19. The lacrosse head of claim 18, wherein the core plug has compressible ribs.

20. The lacrosse head of claim 1, wherein the second member includes a recess into which an overlay is molded.

21. The lacrosse head of claim 1, wherein the second member is made of one of nylon, urethane, polycarbonate, polyethylene, polypropylene, polyketone, polybutylene terephalate, acetal, acrylonitrile-butadiene-styrene, acrylic, andacrylic-styrene-acrylonitrile.

22. The lacrosse head of claim 1, wherein the second member is made of one of urethane, partially crosslinked halogenated polyolefin alloy, styrene-butadiene-styrene, styrene-ethylene-butylene styrene, thermoplastic olefinic, thermoplasticvulcanizate, ethylene-propylene rubber, and flexible polyvinyl chloride.

23. The lacrosse head of claim 22, wherein the second member is affixed to the first member.

24. The lacrosse head of claim 1, wherein the second member has a rail, and wherein the first member defines a slot that receives the rail to moveably couple the second member to the first member.

25. The lacrosse head of claim 24, wherein the first member has a first retainer thread opening, wherein the second member has a second retainer thread opening, and wherein the head further comprises a retainer thread strung through the firstretainer thread opening and the second retainer thread opening.

26. The lacrosse head of claim 1, wherein the first member has first member coupling holes, wherein the second member has second member coupling holes, and wherein the lacrosse head further comprises a cord strung between the first membercoupling holes and the second member coupling holes.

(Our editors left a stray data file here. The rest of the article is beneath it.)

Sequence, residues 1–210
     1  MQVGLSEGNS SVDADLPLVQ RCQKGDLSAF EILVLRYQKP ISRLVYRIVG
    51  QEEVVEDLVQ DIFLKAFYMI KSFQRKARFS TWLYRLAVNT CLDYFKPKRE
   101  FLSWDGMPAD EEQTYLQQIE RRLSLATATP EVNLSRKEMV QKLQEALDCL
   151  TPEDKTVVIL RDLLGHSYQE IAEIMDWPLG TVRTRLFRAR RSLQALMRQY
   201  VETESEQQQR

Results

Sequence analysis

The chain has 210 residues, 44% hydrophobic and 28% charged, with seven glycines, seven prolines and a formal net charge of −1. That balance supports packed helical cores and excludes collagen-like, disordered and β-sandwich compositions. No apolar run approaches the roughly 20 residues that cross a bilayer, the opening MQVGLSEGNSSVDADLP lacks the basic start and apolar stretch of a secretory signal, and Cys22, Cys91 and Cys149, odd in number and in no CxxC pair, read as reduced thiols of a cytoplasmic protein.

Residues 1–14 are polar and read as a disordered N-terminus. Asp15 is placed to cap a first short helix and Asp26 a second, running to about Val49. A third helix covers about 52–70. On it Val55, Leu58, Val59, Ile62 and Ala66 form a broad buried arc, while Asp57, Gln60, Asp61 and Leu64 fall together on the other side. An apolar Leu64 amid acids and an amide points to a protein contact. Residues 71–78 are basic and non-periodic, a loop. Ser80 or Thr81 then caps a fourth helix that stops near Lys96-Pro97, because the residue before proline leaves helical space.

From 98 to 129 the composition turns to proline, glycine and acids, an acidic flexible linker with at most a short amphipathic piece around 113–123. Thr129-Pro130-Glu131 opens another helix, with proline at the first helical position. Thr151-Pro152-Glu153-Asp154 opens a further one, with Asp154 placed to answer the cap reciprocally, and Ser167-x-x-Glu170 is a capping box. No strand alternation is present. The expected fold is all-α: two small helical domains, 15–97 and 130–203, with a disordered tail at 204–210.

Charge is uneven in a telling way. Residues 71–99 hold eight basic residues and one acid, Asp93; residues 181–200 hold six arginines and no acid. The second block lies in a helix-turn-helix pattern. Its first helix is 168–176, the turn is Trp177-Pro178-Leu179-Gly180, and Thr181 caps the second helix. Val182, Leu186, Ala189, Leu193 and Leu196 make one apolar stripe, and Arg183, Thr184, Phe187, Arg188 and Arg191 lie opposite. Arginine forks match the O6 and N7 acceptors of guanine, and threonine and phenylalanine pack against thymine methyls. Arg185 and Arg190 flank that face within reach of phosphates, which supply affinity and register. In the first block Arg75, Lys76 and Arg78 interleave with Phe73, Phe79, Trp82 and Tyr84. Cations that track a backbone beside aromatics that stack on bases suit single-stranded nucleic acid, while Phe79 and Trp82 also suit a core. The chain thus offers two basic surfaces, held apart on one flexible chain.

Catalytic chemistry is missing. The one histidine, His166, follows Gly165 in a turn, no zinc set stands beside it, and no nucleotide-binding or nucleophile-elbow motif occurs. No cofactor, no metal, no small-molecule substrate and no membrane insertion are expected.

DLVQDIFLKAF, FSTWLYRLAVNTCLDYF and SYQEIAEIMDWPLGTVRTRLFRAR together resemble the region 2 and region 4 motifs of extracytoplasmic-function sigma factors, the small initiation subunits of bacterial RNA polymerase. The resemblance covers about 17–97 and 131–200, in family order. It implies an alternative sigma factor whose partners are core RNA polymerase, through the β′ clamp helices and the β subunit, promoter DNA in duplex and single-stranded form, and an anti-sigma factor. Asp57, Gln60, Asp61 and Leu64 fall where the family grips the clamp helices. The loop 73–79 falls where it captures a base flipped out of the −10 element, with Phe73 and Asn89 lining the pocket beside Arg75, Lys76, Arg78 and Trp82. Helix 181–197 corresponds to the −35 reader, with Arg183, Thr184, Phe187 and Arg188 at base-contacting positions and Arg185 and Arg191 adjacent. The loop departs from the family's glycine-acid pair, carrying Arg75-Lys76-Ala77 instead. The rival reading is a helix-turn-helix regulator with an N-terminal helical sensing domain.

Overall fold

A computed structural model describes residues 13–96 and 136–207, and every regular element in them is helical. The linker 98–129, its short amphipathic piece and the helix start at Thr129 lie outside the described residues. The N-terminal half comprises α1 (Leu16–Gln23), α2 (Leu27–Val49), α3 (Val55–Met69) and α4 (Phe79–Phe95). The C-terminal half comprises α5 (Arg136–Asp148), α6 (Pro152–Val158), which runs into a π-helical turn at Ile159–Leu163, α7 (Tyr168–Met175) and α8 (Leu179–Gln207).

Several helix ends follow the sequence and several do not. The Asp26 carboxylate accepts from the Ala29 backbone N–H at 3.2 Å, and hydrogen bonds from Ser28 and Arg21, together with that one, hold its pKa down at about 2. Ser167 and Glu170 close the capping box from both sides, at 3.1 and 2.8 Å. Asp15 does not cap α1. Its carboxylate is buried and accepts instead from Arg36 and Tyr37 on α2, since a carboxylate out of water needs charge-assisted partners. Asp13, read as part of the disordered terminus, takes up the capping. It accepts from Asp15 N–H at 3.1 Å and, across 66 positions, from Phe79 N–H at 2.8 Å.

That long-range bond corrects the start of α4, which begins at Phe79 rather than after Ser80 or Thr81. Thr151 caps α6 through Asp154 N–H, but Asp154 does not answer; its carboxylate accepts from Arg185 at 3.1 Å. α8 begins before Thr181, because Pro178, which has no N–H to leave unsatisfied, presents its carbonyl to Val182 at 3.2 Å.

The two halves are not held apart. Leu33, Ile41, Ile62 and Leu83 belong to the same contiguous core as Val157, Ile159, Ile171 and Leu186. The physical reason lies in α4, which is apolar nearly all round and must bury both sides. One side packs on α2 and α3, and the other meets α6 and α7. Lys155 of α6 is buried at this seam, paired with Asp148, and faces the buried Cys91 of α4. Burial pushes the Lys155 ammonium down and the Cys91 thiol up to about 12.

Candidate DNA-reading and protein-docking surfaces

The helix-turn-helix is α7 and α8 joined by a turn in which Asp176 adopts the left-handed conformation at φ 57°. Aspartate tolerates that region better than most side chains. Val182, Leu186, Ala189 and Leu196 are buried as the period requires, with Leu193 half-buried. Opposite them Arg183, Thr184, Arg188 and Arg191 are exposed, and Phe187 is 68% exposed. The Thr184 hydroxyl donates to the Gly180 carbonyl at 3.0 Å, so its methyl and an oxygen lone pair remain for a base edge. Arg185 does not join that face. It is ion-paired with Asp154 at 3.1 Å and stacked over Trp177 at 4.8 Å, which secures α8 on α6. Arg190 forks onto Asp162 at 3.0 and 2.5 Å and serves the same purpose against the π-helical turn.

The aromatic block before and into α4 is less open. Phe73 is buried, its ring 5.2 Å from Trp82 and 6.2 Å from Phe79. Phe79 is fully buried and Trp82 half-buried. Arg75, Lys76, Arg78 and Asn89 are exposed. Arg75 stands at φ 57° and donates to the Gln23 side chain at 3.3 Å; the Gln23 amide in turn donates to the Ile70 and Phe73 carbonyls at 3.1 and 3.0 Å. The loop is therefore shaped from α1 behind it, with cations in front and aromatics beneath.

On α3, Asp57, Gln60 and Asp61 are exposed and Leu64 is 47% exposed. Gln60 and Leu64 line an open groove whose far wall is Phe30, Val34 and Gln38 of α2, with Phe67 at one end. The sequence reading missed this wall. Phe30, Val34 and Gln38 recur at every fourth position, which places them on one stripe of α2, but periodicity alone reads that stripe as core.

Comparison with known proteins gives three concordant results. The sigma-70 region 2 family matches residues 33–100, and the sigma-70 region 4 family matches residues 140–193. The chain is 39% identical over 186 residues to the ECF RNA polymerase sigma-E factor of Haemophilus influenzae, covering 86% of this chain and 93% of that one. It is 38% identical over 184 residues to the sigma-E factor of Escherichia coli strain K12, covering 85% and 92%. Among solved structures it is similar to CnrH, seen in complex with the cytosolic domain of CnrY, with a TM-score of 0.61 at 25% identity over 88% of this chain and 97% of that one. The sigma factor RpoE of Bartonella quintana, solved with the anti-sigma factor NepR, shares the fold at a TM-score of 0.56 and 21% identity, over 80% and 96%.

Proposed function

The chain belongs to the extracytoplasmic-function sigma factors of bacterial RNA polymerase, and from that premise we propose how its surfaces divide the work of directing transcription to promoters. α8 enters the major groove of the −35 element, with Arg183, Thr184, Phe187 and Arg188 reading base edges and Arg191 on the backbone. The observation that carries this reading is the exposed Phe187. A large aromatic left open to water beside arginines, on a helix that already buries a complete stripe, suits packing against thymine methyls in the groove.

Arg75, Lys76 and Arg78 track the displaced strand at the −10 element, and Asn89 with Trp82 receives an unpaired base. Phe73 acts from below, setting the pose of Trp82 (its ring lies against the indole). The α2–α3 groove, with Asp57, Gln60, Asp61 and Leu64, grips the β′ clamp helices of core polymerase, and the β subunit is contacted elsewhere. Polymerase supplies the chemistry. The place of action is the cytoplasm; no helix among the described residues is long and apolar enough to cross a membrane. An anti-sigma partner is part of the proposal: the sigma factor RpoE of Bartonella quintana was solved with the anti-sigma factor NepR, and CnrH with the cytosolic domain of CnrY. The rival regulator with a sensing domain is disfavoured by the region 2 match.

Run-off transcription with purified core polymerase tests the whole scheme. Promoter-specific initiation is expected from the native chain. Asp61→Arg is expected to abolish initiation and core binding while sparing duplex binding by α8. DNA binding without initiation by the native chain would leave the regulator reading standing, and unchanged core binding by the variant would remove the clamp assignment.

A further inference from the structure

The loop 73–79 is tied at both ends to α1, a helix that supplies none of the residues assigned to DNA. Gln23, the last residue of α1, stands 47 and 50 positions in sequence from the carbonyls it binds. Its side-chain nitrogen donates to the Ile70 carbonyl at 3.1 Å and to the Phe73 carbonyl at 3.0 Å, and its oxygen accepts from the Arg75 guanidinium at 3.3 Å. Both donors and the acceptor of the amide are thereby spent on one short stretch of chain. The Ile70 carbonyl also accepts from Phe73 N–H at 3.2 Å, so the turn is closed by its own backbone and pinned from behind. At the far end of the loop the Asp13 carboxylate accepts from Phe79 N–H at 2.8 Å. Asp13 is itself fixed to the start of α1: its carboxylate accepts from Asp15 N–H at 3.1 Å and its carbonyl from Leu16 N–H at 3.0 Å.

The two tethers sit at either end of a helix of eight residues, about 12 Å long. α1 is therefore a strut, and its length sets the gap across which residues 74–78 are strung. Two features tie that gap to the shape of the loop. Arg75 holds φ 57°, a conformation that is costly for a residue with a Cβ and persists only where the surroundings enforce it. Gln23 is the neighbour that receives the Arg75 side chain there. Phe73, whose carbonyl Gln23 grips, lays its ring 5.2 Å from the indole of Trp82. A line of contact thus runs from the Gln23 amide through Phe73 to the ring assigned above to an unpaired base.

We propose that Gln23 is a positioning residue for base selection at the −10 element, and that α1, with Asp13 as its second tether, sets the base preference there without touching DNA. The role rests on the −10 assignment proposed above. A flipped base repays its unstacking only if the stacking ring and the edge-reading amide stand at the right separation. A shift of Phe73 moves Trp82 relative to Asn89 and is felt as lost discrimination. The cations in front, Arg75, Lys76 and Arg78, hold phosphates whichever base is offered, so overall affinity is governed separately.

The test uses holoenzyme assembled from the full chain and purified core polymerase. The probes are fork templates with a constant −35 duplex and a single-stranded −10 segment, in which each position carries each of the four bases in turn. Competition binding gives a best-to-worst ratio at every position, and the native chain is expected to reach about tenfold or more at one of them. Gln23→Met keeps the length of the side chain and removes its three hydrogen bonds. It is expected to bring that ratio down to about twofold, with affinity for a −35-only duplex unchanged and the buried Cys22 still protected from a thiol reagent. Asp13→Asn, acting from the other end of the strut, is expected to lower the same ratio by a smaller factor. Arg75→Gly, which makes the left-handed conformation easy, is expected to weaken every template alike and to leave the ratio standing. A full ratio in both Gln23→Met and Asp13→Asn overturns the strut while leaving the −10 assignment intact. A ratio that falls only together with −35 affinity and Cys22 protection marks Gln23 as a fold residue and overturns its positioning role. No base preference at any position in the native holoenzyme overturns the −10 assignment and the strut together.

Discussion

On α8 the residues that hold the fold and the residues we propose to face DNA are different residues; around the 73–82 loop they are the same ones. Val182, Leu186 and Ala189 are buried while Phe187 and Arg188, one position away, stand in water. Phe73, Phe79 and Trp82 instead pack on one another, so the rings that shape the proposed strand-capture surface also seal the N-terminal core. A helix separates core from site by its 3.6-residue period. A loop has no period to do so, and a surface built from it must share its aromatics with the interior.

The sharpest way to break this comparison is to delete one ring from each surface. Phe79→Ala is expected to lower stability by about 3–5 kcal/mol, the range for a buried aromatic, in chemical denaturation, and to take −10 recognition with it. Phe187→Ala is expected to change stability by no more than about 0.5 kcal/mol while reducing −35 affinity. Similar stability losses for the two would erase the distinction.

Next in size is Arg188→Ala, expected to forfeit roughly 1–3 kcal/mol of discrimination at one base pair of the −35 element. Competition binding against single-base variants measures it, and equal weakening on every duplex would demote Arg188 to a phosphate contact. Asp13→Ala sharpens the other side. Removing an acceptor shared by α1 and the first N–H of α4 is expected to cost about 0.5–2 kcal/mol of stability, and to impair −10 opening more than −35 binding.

27. A lacrosse head comprising: a stop member; a first sidewall connected to the stop member; a second sidewall connected to the stop member opposite the first sidewall; and a scoop connected to the first sidewall and the second sidewallopposite the stop member, wherein the scoop comprises a first member integrally connected to the first sidewall and the second sidewall, and a second member moveably coupled to the first member and defining an open space with respect to the first member,wherein the second member has a thread opening.

28. The lacrosse head of claim 27, wherein the thread opening is configured to receive a thread of a pocket.

29. The lacrosse head of claim 27, further comprising a pocket attached to the thread opening.

30. The lacrosse head of claim 27, wherein the second member is moveably coupled to the first member by one of a cord, a hinge, and an elastomeric strap molded onto the first member and the second member.

31. The lacrosse head of claim 27, wherein the second member is an interior portion of the first sidewall.